As NASA shifts focus to Mars, will private companies look to the moon?

Speaking at the SpaceCom Expo in Houston, NASA Administrator Charles Bolden predicted that private businesses will 'assume a lead role' in returning humans to the moon.

Calla Cofield/
Charles Bolden, NASA's administrator, addresses a crowd at the first annual SpaceCom expo. Bolden spoke about the important role that private and commercial space companies will play in helping NASA send humans to distant space locations.

Work needs to be done by commercial companies to take up the responsibility of supporting science and human astronauts in low-Earth orbit and beyond, according to NASA Administrator Charles Bolden.

Speaking yesterday (Nov. 17) at the first annual SpaceCom Expo here, Bolden talked about the need for a marketplace in low-Earth orbit where "NASA is not the only customer." This could potentially include maintaining the American side of the International Space Station, which serves as a one of a kind microgravity laboratory and testing ground for human trips into deep space. And Bolden doesn't imagine the work of private companies will stop there. 

In reference to the commercial space market that has already begun to blossom, Bolden said, "Now that the doors have been kicked open, I'm looking forward to new ideas about what we do next and how we keep that market humming. Who has a plan for non-NASA astronauts to conduct low-Earth orbit ops? That's my question." [Building the International Space Station (Photos)]

Looking even further into the future, Bolden added, "As we focus on sending humans to Mars, it will likely be commercial companies and international partners who assume a lead role in taking humans back to the surface of the moon. And I'm all for that."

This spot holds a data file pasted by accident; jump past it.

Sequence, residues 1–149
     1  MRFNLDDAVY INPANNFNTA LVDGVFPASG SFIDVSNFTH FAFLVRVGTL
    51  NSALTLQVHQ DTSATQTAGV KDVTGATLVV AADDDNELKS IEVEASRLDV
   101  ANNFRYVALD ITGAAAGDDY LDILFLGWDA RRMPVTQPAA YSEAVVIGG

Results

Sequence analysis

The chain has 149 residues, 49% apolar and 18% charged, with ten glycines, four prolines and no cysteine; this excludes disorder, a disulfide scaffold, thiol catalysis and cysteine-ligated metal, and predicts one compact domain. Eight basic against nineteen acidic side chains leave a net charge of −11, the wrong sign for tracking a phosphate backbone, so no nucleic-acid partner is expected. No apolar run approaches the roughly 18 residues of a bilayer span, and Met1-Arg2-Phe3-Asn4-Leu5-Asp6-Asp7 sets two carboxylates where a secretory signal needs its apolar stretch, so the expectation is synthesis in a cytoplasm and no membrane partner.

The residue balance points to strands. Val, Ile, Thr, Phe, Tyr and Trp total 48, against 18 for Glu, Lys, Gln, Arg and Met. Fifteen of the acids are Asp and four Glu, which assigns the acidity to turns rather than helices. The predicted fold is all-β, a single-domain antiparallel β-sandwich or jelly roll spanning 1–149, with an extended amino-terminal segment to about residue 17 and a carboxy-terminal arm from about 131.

Bolden was not the only speaker at SpaceCom discussing the need for commercial companies to take over more responsibilities on the station, or to create new orbiting laboratories to replace it. NASA is committed to maintaining its portion of the station through 2024, but as Bolden said, the agency would like to dedicate its resources to more ambitious goals, like sending humans to Mars. But, as was noted by commercial spaceflight leaders at another recent conference, a human presence in low-Earth orbit provides information and training for human journeys to more distant space locations, and many leaders advocate for maintaining a human presence in low-Earth orbit while pursuing human trips to the moon or Mars.

The space station is also an invaluable scientific resource. The weightless environment provides a unique variable for testing all kinds of physical, chemical and biological processes. Currently, scientists must apply to NASA to have their experiments taken to the orbiting laboratory, but some commercial companies are beginning to change that. NanoRacks allows customers to send small experiments to the station, and Made In Space, the company that sent the first 3D printer into microgravity, can use its machine for commercial purposes. Companies with more capital can also pay to have scientific payloads launched on top of commercial rockets, but there is currently no option to put an experiment in space for a long duration.

Bolden noted that commercial spaceflight companies will be filling a larger role in NASA's human spaceflight program than ever before, when private companies begin delivering NASA astronauts to the International Space Station as part of the Commercial Crew Program. NASA has now officially ordered a CST-100 space taxi from Boeing. SpaceX was also awarded a contract to support the construction of its Dragon crew capsule, although NASA has not yet ordered one of the vehicles. Currently, NASA astronauts are launched to the space station aboard the Russian Soyuz capsule.

"If all goes well and we get full support from Congress, my hope is we will fly the first commercial crew capsules in late 2017, early 2018," Bolden said. "For the first time in quite some time we will no longer be dependent on any other nation to get our crews into space, and for us in this day and age that is critically important."

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